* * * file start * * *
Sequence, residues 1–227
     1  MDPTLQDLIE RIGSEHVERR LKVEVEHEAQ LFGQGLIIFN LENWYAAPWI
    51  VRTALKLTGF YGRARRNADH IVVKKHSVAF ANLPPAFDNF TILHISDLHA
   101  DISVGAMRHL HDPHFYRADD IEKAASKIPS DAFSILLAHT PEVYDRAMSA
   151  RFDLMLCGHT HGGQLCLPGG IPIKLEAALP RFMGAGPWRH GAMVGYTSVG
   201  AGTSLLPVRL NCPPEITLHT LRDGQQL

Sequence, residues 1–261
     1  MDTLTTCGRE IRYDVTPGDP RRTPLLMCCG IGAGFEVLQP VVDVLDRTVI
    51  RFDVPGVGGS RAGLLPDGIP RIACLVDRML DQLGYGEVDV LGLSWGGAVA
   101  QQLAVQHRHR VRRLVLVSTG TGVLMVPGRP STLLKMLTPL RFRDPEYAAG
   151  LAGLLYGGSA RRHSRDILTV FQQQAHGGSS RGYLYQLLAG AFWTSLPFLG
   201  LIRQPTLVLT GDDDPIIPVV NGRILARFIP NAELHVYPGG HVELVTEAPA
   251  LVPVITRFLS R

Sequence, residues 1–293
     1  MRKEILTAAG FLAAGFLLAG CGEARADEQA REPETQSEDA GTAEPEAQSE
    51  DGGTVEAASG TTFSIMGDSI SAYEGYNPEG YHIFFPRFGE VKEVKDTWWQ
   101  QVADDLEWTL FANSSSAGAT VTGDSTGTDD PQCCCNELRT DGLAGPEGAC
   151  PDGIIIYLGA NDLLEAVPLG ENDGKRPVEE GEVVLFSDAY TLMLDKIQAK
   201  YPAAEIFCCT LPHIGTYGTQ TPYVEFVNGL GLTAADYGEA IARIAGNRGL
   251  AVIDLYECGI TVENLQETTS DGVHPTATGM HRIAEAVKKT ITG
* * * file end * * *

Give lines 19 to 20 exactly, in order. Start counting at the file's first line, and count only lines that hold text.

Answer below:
   201  YPAAEIFCCT LPHIGTYGTQ TPYVEFVNGL GLTAADYGEA IARIAGNRGL
   251  AVIDLYECGI TVENLQETTS DGVHPTATGM HRIAEAVKKT ITG